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Blog . 4/16-19: Hard To Be A God, Beloved Sisters, Taipei Story & more!


4/16-19: Hard To Be A God, Beloved Sisters, Taipei Story & more!

04/14/15  |  Posted by Cinematheque  |  Posted in Cinematheque

Aleksei German's HARD TO BE A GOD is a visionary Russian sci-fi spectacular
The 2013 Russian sci-fi epic HARD TO BE A GOD is the final assault on small-minded, middlebrow cinema by the recently deceased Russian master and rebel Aleksei German (My Friend Ivan Lapshin; Khrustalyov, My Car!). A 30-year dream project 14 years in the actual making, Hard To Be a God is a visionary, Boschian sci-fi spectacle based on a novel by Arkady and Boris Strugatsky (whose novels were also the inspiration for Tarkovsky’s Stalker and Sokurov’s Days of Eclipse.) The film tells of a scientist from Earth who is living on a distant Earth-like planet during its own Dark Ages. Regarded as a god by the human-like natives who wallow in perpetual rain, smoke, mud, muck, waste, and decay, this scientist (one of a group of earthlings sent to observe this feudal “civilization”) is forbidden to intervene in the planet’s intellectual and technological development. But as he witnesses the best minds of this barbaric world being stifled and silenced, he finds it difficult to remain neutral. The NY Times calls Hard To Be a God"a final opus that is hard to shake." Adults can see this 170-min. movie on Thursday or Sunday night! Here's the trailer.

BELOVED SISTERS both love German poet Friedrich Schiller in romantic costume epic
Germany’s official submission for this year’s foreign film Oscar, BELOVED SISTERS, is a gorgeously mounted costume drama about an unconventional love affair. Set in late 18th-century Weimar, the movie chronicles how two aristocratic sisters both loved German poet and playwright Friedrich Schiller, carrying on a carefree ménage à trois—for a while at least. Film Comment writes that Dominik Graf's 170-min. movie "pushes heritage cinema in new, aesthetically bold directions," calling it "the modern film about the German Enlightenment" and "a romantic national epic." Catch its exclusive Cleveland premiere on Saturday night or Sunday afternoon. Watch the trailer here.

TAPEI STORY, 1985 film by the late Edward Yang, receives rare theatrical screening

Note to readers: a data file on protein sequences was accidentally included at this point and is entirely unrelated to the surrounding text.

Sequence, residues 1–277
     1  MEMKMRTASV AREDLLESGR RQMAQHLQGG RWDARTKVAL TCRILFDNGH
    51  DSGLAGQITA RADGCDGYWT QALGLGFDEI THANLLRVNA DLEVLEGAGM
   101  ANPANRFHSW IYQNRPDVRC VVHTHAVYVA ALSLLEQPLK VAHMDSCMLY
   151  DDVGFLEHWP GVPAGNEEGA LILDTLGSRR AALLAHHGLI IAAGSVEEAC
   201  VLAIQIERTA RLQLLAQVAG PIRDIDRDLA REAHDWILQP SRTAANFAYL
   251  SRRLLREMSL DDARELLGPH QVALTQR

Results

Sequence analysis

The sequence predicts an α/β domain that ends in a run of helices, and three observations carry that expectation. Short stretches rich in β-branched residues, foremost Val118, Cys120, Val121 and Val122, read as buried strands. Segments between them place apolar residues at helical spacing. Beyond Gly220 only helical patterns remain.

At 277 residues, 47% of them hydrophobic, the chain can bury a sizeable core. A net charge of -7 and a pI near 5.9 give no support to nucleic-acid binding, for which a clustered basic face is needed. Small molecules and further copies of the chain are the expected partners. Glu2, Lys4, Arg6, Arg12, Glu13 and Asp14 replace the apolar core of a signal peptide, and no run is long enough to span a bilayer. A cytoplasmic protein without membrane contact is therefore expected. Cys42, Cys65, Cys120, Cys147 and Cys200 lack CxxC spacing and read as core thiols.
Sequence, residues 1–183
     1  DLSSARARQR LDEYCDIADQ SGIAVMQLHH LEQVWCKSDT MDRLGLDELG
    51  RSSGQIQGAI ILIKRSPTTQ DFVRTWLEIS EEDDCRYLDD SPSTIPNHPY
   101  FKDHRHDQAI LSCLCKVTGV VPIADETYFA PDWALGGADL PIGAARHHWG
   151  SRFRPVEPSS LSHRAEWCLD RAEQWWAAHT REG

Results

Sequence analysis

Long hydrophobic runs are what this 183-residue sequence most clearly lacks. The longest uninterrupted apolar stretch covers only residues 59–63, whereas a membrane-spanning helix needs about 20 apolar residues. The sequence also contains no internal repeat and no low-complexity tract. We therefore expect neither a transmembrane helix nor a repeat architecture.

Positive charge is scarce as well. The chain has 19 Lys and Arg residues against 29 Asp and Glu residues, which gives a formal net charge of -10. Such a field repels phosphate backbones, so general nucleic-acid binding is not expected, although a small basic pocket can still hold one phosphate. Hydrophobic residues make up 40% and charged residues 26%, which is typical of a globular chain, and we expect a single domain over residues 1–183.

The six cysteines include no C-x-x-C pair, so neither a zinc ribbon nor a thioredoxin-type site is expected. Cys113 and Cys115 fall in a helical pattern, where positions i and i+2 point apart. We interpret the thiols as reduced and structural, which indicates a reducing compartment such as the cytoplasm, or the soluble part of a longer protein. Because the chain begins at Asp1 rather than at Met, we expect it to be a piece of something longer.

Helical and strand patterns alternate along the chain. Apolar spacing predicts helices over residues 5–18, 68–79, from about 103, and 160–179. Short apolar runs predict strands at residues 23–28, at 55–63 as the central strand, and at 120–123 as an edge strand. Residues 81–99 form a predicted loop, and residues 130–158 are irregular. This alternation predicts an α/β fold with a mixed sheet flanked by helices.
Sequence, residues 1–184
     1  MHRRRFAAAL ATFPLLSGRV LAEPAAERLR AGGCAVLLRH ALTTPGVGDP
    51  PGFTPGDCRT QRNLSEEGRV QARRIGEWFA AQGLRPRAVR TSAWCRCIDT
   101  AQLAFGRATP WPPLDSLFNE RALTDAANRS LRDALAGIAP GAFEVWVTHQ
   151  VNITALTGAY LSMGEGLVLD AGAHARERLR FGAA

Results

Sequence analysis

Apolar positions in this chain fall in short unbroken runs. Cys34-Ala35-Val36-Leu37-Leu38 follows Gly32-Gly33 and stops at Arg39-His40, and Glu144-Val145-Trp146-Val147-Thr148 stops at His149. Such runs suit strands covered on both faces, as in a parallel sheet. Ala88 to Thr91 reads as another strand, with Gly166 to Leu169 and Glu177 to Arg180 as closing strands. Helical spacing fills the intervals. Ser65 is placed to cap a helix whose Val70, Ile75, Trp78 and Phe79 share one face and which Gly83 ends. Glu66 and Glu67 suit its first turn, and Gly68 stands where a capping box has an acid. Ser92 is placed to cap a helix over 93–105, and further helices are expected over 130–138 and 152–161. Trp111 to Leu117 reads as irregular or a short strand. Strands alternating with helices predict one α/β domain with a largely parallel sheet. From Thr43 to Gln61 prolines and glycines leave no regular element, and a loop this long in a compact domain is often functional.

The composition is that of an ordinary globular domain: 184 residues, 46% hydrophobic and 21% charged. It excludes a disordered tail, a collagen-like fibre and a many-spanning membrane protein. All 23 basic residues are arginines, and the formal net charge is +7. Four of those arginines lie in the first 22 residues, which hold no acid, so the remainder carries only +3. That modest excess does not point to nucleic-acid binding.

In addition to Hou Hsiao-hsien (whose films we are showing through June), Edward Yang was the other great director to emerge from the New Taiwanese Cinema movement of the 1980s. TAIPEI STORY (1985), the second of Yang's seven features and “the film that introduced Yang's prodigious talent to the West” (Time Out Film Guide), was co-written by Hou Hsiao-hsien. He also stars in the movie, playing a failed businessman who was once a promising baseball prospect and whose relationship with a longtime girlfriend is also on the verge of collapse. Their story unfolds in a fast-modernizing Taipei that threatens to leave its more traditional citizens behind. Yang’s astute sense of space, his emotional cool, and his crisp, immaculate compositions and camerawork explain why he is frequently likened to Antonioni. See this modern masterpiece in an imported 35mm color print on Friday at 9:10pm. Special admission is $10; members, CIA I.D. holders, and those age 25 & under $8; no passes, twofers, or radio winners will be accepted.

Hou Hsiao-hsien series continues with director's third feature THE GREEN, GREEN GRASS OF HOME
Hou Hsiao-hsien’s third feature THE GREEN, GREEN GRASS OF HOME, the final and most sophisticated part of his “Kenny Bee” trilogy, is another musical romance starring the Cantonese pop singer. This time Bee plays a Taipei teacher working as a substitute instructor at a rural school, where his feelings for a fellow teacher upset his uppity urban girlfriend, who comes to retrieve him. See this 1983 rarity in an imported color and scope print on Saturday at 5pm. Special admission is $10; members, CIA I.D. holders, and those age 25 & under $8; no passes, twofers, or radio winners will be accepted.

Late Hungarian master Miklós Jancsó remembered with rare screening of his 1965 WWII drama MY WAY HOME
Though justly celebrated in the 1960s and early 1970s, Hungary’s Miklós Jancsó (who made over 80 films in a 60+ year career) is now a largely forgotten modernist master. Heralded for the serpentine camera movements, virtuoso blocking of actors, and breathtaking long takes in his powerful and poetic historical dramas, Jancsó was a major influence on his countryman Béla Tarr (who called him “the greatest Hungarian film director of all time”) and on Greece’s Theo Angelopoulos. On Friday at 7pm we remember Jancsó (who died last year at age 92) with a rare screening of his first masterpiece MY WAY HOME, which showcases his signature theme and style. The movie follows a young Hungarian soldier at the end of WWII who is detained and imprisoned by the Russians as he heads home. Eventually he befriends one of his captors. This program supported by the Cinematheque’s George Gund III endowment. Print this email and present it at the box office and see My Way Home for only $7 ($6 if you're a Cinematheque member). It's our Deal of the Week! (Limit two discount admissions per print-out.)

This Weekend

Thu., April 16, at 6:45pm
Sun., April 19, at 7:00pm
Aleksei German's
Russian sci-fi epic

Fri., April 17, at 7:00pm
Miklós Jancsó's
historical drama

Fri., April 17, at 9:10pm
Edward Yang's New Taiwanese Cinema classic

Sat., April 18, at 5:00pm
Hou Hsiao-hsien's
rural romance

Sat., April 18, at 6:50pm
Sun., April 19, at 3:30pm
Germany's official 2014 Oscar submission

Next Week

Thu., April 23, at 6:45pm

Thu., April 23, at 8:35pm

Fri., April 24, at 7:30pm
Sun., April 26, at 8:40pm

Fri., April 24, at 9:20pm
Sun., April 26, at 6:30pm

Sat., April 25, at 5:00pm
Sun., April 26, at 4:15pm

Sat., April 25, at 7:30pm & 9:40pm
A Special Event!
Dan Savage introduces
18 & over!

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